8 orthopedic surgeons who are famous outside of orthopedics

Laura Dyrda -  

Here are eight orthopedic surgeons who were famous before they became orthopedic surgeons, or developed their passions concurrently while pursuing medical school.

Scott Powell, MD, is an orthopedic surgeon in Burbank, Calif., and a former member of rock and roll band Sha Na Na. Before attending medical school he was a founding member of the group and performed with Sha Na Na at the Woodstock Festival. He also traveled the world with the band and was featured in the movies Grease and Caddyshack. He later attended Albert Einstein College of Medicine and completed a fellowship in sports medicine at Kerlan-Jobe Orthopedic Clinic in Los Angeles. In 2005, Dr. Powell co-founded Stetson Powell Orthopedics and Sports Medicine. He has been chairman of the fellowship committee for the Arthroscopy Association of North America and is active in leadership positions for the American Orthopaedic Society for Sports Medicine.


Mark Adickes, MD, is co-medical director of the Ironman Sports Medicine Institute at Memorial Hermann in Houston. However, he didn't begin training as a physician until after he was 31 years old and had a career in the National Football League behind him. Dr. Adickes was an offensive lineman for the Kansas City Chiefs and Washington Redskins. His last season with the Redskins, 1984, the team won the Super Bowl. After retiring from the NFL, Dr. Adickes was accepted into Harvard Medical School and later completed a fellowship at The Steadman Clinic. In addition to his clinical work, he also has appeared on Fox Sports Net.


Eric Heiden, MD, won more single Olympic medals than any previous Olympic athlete — 15 medals — as a speed skater before becoming an orthopedic surgeon. He won five speed skating events at the 1980 Lake Placid Olympic Winter Games and set four Olympic and one World Record at the games. But he didn't jump into medicine right after his Olympic career was over; Dr. Heiden instead turned to cycling and won the United States Cycling Championship and competed with the 7-11 Team in the 1986 Tour de France. Dr. Heiden earned his medical degree from Stanford University in 1991 and now considers sports medicine his life's work. He is co-founder of the U.C. Davis Sports Performance Program and has served on the medical staff for the United States Speed Skating Team, USA Cycling and Sacramento Kings.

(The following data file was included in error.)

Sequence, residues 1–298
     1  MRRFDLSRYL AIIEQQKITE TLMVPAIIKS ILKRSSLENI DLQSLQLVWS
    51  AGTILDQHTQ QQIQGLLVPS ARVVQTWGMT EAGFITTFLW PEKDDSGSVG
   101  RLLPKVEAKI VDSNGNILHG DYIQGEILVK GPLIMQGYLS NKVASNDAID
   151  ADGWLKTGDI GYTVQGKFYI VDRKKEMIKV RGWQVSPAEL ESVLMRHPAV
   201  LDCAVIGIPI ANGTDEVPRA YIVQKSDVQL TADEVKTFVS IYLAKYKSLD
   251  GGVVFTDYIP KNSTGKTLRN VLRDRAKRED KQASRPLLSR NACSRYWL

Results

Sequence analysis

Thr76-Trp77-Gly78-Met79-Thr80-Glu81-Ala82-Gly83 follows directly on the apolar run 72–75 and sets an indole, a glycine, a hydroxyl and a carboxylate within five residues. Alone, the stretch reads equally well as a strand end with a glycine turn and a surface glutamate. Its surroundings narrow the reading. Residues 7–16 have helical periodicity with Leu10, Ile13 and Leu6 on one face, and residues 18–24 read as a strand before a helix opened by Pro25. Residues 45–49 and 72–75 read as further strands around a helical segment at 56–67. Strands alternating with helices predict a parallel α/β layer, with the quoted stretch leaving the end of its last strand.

Dot Richardson, MD, was an Olympian before she became an orthopedic surgeon. She competed as a softball player for the United States National Team during the 1996 Olympic Games, where she hit the home run to win a gold medal during the championship game. She received the 1998 Sports Legends Award and 1997 Zaharias Award for Female Athlete of the Year. She was also the Amateur Athletic Foundation Athlete of the Year and named the Women's Major Fast Pitch National Championship MVP four times. Dr. Richardson began pursuing her medical career in 1993 and then took a year off from training for the Olympics before undergoing a sports medicine fellowship at Kerlan-Jobe Orthopaedic Clinic.


Alec Kessler, MD, was a professional basketball player for the Miami Heat for four seasons before becoming an orthopedic surgeon. He was a first-round draft pick out of Georgia which won the SEC basketball title his senior year on the team. He earned his medical degree at Emory School of Medicine in Atlanta and practiced in Pensacola until his death. The Andrews Institute established a scholarship and mentorship program in Dr. Kessler's name to help high school athletes in Escambia and Santa Rosa County overcome social and personal challenges to achieve success.


Jason Smith, MD, is a sports orthopedic surgeon at False Creek Healthcare. He played division 1 NCAA hockey and was drafted into the NHL by the Calgary Flames. After retiring from hockey for increased risk of cerebral concussions, he attended the University of Calgary Medical School and completed his residency in orthopedics at McGill University in Montreal. His additional training incldudes a sports medicine fellowship under James Andrews, MD. He is the team physician for the Toronto Blue Jays and chief of orthopedics at Rouge Valley Centenary Hospital.


Patrick J. Barry, MD, was a child actor during World War II appearing in several Broadway plays before turning to medicine. Dr. Barry didn't discover his passion for medicine until he was serving in the army. He completed his orthopedic residency and began his practice in Florida. But when disaster struck Nicaragua, he flew with a few of medical students to lend a hand. That began several trips to South America to treat patients over the years, and he has earned the Roberto Clemente Humanitarian Award for his work. But his career didn't end with orthopedic trauma patients; Dr. Barry also performed orthopedic surgeries for several animal species.


Mercedes von Deck, MD, is an orthopedic surgeon who spends her time between the operating room and competitive dance floor. She is a general orthopedic surgeon at CHA Cambridge (Mass.) Hospital Campus where she treats a variety of conditions and performs joint replacement and arthroscopic surgery. She delayed her entrance into medical school for one year to pursue dance, but then took another four years off after her second year of medical school to pursue professional ballroom dancing. Her two professions developed concurrently and she has danced around the world.


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